Contemplate the occasions in which this sin breaks out and guard against them. Now think about the times when you fall into this sin. What are the occasions? What happens right before you sin? What are the habits or patterns that lead to it? Think about these things, know what you do before you actually commit the sin, and stop the downward spiral long before it gets to the point of sinning. You never commit a big sin without first sliding down a long and slippery slope of little sins. So consider those little sins, identify the patterns, and learn to stop the little sins.
Battle hard against the first awakenings of that sin. Never, ever allow yourself to play with sin. Never think you will sin this far, but no farther. Do not toy with sin. Do not think you can control your sin and allow only so much of it. If you do that, sin will win every time. The very second you feel that sin awakening within you, slam it down with all your force and all your strength. Cry out to God in that very moment. Call for help from other Christians in that very moment. Sin is like water held back by a dam; the moment there is even a small crack in that dam, the weight of the water pushing against it will blow a hole right through it, and the entire structure will collapse.
Meditate on God to see his glory and your desperate inability. Think about God. Read his Word and meditate on it. Especially search out the glory of God and think about the massive distance between you and him. Think of how great he is and how little you know of him. Humble yourself by thinking great thoughts of God. God opposes the proud but gives grace to the humble; if you want his grace in battling sin, humble yourself by considering God and by meeting with God. You cannot think high thoughts of God without being overwhelmed by sorrow for your sin and your sinfulness.
Expect to hear God speak peace to your soul (but do not speak it to yourself until he does). As you do all of this, expect that God will help you put your sin to death, and expect that he will give you peace. You will feel peace because you will be at peace. But here’s an important thing to consider: Do not speak peace to yourself until God does. It is God who has the right to speak freedom and peace to your conscience, to your heart, to your mind. Let God speak it through his Word or through his people. When he does, listen. But do not speak it to yourself too soon or you will be deluding yourself, and will go straight back into your sin. Listen for God’s affirming voice and look for success. God is for you and loves to help you put your sin to death. It is his delight.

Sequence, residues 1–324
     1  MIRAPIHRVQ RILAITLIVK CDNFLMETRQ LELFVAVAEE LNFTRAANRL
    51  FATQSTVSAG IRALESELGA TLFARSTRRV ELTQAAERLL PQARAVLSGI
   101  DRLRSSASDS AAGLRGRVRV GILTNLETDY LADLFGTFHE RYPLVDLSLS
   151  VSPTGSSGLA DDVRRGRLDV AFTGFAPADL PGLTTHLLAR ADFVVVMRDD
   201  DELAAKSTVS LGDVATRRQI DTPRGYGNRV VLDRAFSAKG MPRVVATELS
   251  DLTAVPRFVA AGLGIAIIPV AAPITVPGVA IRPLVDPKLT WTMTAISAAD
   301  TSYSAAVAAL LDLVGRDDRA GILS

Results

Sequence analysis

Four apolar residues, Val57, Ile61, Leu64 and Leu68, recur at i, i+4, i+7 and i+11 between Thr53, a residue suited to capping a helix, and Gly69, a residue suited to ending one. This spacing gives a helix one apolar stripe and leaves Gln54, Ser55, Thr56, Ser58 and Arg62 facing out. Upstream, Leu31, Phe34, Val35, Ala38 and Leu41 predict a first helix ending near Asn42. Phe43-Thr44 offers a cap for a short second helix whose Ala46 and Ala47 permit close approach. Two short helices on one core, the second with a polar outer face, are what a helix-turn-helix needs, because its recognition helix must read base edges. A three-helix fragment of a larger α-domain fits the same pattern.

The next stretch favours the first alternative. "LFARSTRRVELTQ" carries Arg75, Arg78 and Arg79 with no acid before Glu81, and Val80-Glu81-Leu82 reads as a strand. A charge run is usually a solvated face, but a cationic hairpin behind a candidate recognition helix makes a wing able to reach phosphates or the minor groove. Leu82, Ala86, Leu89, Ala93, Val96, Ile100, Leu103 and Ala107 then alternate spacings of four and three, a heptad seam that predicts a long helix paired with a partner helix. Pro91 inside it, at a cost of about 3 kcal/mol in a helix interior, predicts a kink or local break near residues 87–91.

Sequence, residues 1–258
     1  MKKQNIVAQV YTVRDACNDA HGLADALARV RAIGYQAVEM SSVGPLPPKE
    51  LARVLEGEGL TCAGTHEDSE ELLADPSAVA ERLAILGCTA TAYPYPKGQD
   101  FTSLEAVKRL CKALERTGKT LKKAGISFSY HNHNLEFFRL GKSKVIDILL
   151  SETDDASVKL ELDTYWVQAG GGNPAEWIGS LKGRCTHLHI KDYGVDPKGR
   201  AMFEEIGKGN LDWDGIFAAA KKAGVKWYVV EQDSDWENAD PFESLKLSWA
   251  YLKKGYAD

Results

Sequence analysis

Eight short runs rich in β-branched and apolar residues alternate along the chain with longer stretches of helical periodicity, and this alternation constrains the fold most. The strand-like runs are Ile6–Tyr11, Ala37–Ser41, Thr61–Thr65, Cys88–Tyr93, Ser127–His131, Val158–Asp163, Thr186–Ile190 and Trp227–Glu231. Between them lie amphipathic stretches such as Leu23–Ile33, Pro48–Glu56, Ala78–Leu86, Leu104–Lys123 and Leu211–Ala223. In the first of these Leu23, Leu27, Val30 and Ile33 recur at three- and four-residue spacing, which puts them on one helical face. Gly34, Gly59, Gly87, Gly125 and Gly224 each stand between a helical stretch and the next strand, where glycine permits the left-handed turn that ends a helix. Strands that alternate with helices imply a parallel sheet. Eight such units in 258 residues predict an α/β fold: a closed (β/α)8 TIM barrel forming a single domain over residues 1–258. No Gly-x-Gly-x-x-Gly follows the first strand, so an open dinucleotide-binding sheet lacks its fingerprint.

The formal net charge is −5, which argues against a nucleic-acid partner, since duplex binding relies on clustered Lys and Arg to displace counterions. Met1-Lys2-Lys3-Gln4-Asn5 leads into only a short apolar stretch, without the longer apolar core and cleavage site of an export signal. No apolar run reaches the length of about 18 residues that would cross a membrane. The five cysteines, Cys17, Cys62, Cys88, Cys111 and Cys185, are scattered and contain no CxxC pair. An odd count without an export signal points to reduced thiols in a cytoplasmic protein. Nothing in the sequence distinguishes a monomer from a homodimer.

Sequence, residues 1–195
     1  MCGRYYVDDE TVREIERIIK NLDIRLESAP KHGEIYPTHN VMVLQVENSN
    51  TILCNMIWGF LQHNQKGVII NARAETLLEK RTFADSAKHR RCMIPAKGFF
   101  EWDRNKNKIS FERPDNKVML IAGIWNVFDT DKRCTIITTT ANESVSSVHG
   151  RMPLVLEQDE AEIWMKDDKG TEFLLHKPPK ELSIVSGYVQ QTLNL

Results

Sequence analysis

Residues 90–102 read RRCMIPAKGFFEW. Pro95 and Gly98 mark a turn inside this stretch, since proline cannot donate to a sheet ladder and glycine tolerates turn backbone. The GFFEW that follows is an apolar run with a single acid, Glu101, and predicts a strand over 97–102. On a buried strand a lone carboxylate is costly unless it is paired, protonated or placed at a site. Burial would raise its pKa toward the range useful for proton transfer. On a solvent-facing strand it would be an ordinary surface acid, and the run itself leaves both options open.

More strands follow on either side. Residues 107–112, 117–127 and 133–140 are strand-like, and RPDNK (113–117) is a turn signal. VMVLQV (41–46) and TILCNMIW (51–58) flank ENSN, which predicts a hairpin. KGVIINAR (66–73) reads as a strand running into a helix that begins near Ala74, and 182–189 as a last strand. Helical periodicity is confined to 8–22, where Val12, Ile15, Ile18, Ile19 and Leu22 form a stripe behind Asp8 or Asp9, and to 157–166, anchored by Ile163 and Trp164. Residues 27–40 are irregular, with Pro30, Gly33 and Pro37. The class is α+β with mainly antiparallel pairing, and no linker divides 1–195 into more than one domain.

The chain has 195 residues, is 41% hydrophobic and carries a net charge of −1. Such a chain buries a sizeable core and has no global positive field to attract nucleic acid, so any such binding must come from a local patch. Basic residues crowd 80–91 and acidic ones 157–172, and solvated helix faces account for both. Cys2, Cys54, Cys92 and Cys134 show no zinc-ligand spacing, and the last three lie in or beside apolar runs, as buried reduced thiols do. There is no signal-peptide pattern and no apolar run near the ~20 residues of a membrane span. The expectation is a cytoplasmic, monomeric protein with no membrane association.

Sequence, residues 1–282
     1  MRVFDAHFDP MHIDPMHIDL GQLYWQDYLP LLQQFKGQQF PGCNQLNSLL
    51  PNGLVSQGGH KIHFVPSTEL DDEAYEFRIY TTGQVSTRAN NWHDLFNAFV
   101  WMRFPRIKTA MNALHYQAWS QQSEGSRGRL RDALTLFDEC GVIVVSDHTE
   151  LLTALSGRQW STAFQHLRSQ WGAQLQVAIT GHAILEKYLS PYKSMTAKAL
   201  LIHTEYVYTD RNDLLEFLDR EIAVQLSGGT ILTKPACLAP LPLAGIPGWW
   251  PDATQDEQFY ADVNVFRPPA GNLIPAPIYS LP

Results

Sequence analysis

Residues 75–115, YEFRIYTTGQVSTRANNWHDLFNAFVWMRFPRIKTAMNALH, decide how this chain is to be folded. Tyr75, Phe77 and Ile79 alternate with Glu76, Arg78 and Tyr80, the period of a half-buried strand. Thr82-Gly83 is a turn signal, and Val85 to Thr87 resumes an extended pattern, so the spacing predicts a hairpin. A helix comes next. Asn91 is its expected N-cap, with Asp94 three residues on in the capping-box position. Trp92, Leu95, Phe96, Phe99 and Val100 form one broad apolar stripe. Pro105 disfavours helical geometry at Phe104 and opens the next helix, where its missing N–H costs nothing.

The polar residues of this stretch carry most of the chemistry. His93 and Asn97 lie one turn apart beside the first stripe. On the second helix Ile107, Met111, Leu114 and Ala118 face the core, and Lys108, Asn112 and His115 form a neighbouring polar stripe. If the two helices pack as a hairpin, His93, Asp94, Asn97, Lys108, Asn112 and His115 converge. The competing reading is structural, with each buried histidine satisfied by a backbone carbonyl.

For those reading Overcoming Sin and Temptation with me, well, I know that I took some liberties this week by looking beyond the one chapter. I couldn’t help myself! Next Thursday we will continue with the twelfth chapter of the book—we are nearing the end! You can still get the book and read along if that is of interest to you.
I would like to know what you gained from this chapter. Feel free to post comments below or to write about this on your own blog (and then post a comment linking us to your thoughts). Do not feel that you need to say anything shocking or profound. Just share what stirred your heart or what gave you pause or what confused you. Let’s make sure we’re reading this book together.